Addiction, Author Interviews / 17.02.2022

MedicalResearch.com Interview with:

Harriet De Wit, PhD Professor of Psychiatry and Behavioral Neuroscience University of Chicago 

MedicalResearch.com:  What is the background for this study?    Response: There are numerous reports that psychedelics like LSD, taken in very small ‘microdoses’, help boost mood, cognitive function and productivity. The practice is popular in Silicon Valley and among media figures, who report remarkable beneficial effects from regular use of these microdoses. The possible antidepressant effects of LSD are plausible from a neurobiological perspective, as the drug acts directly on serotonin receptors, the same systems where SSRI’s act.  However, the effects of microdosing have not yet been validated in controlled research. In our study, we recruited healthy men and women to ingest repeated, low doses of LSD under double blind conditions.  They attended four laboratory sessions, separated by three to four days.  They were randomly assigned to one of three groups who received the same drug on all four sessions: placebo, 13 micrograms of LSD or 26 micrograms of LSD. Subjects were not told exactly what drug they were receiving until the end of the study.  We measured their mood, emotional reactivity and cognition. (more…)
Author Interviews, JAMA, OBGYNE, STD / 16.02.2022

MedicalResearch.com Interview with: Irene A. Stafford, M.S., M.D. Associate Professor Associate Program Director Maternal - Fetal Medicine Fellowship Department of Obstetrics and Gynecology Division of Maternal Fetal Medicine McGovern Medical School at UTHealth Houston MedicalResearch.com:  What is the background for this study? Response: We have observed disproportionately high-rates syphilis in the US over the last several years, and here in Texas. As this is now leading to health alerts in our cities, it is key we bring attention to this infection regarding risks to the pregnant patient and her fetus. Syphilis carries a nearly 40% neonatal mortality rate, so testing and treating is key in preventing this devastating neonatal infection. We need to encourage and offer testing at intake to pregnancy care, and any time a patient desires to be tested for STI.   (more…)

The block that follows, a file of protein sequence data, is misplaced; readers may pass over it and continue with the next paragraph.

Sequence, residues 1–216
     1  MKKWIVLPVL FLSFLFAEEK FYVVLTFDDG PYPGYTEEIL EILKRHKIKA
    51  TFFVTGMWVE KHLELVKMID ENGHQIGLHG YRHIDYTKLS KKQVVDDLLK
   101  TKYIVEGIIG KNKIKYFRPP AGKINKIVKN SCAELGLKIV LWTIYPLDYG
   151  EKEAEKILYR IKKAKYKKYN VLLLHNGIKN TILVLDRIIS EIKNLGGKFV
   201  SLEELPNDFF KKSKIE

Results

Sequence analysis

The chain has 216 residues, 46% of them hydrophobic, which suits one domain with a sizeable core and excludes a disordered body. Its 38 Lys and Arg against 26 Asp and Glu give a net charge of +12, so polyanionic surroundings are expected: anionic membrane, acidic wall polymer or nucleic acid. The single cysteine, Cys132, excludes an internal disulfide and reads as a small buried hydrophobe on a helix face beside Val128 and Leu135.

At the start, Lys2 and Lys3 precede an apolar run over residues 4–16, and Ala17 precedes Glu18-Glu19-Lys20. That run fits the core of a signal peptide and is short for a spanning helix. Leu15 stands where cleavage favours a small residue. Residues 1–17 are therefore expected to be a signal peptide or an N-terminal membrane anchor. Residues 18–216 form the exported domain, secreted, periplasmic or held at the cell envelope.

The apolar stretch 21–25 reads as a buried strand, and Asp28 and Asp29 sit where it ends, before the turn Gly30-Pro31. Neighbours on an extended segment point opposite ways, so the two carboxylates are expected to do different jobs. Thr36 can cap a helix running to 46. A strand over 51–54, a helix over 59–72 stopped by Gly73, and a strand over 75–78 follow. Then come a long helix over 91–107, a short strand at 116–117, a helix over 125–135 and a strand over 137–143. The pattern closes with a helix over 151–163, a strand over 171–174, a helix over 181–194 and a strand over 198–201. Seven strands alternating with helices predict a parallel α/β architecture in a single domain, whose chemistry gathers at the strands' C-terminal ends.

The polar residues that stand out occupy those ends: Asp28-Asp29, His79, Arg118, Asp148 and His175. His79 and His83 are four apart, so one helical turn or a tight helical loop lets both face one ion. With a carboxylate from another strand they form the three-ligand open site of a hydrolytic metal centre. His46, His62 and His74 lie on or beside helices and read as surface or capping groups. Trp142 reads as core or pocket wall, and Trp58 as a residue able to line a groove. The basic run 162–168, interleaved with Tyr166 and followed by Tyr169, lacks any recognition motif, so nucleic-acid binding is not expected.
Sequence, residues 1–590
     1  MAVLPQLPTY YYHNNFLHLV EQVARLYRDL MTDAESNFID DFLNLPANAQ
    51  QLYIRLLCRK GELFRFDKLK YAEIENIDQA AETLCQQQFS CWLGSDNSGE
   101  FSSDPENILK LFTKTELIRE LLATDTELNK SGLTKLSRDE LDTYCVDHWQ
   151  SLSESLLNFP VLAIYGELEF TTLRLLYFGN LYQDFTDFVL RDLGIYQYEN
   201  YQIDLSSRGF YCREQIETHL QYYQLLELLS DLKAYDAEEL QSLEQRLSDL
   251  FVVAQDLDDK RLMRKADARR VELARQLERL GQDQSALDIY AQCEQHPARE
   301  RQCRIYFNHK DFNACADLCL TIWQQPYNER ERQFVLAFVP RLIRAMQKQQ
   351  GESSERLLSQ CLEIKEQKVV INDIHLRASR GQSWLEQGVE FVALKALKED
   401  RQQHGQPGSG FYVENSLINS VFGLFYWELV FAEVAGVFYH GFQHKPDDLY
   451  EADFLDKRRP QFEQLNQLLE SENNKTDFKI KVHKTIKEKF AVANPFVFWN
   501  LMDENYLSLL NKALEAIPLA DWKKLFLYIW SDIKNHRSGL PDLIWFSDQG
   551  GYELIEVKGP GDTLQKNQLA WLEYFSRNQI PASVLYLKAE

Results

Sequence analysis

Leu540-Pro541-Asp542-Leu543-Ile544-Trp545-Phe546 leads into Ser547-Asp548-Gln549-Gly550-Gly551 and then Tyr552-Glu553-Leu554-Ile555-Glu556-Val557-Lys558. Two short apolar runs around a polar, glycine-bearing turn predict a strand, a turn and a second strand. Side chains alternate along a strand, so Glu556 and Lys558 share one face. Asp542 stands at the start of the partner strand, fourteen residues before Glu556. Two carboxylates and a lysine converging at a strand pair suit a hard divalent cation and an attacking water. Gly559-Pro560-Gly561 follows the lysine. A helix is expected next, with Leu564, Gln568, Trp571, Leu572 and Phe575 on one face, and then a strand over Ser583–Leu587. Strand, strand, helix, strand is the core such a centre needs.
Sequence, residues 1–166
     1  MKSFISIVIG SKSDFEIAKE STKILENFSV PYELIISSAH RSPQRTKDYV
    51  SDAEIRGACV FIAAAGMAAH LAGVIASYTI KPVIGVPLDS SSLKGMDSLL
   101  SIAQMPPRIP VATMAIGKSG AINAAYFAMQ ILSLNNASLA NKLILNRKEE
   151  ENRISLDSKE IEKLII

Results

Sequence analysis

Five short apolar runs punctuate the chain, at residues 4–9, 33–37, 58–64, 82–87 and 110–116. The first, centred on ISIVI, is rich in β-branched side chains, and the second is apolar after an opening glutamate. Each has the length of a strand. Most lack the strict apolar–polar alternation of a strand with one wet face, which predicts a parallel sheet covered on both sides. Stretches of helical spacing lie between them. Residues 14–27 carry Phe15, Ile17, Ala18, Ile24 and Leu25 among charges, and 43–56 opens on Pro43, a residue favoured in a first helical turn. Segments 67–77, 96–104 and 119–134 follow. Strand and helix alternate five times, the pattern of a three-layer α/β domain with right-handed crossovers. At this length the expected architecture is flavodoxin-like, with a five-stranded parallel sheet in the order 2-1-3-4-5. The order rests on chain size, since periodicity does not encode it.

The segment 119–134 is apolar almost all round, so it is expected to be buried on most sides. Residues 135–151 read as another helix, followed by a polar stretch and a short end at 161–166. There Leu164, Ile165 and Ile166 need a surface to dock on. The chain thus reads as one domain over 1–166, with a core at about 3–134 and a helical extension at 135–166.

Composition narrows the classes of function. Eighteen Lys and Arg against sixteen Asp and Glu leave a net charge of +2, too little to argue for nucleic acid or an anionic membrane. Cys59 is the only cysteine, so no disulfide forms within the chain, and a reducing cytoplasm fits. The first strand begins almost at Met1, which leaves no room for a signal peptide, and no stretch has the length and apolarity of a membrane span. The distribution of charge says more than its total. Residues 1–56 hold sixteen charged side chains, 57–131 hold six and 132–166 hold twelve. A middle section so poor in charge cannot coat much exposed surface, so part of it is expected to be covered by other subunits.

Author Interviews, COVID -19 Coronavirus / 16.02.2022

MedicalResearch.com Interview with: https://vipstarnetwork.com/Johonniuss Chemweno CEO of VIPStarNetwork MedicalResearch.com:  What is the mission of VIP StarNetwork?  Response: VIP StarNetwork’s mission is to expand access to healthcare services and information, especially in underserved and underprivileged communities. Our comprehensive group of health experts, leading physicians, and healthcare executives are working to create a meaningful and safe environment to ensure that patients have equitable and streamlined access to vaccines and other forms of care. (more…)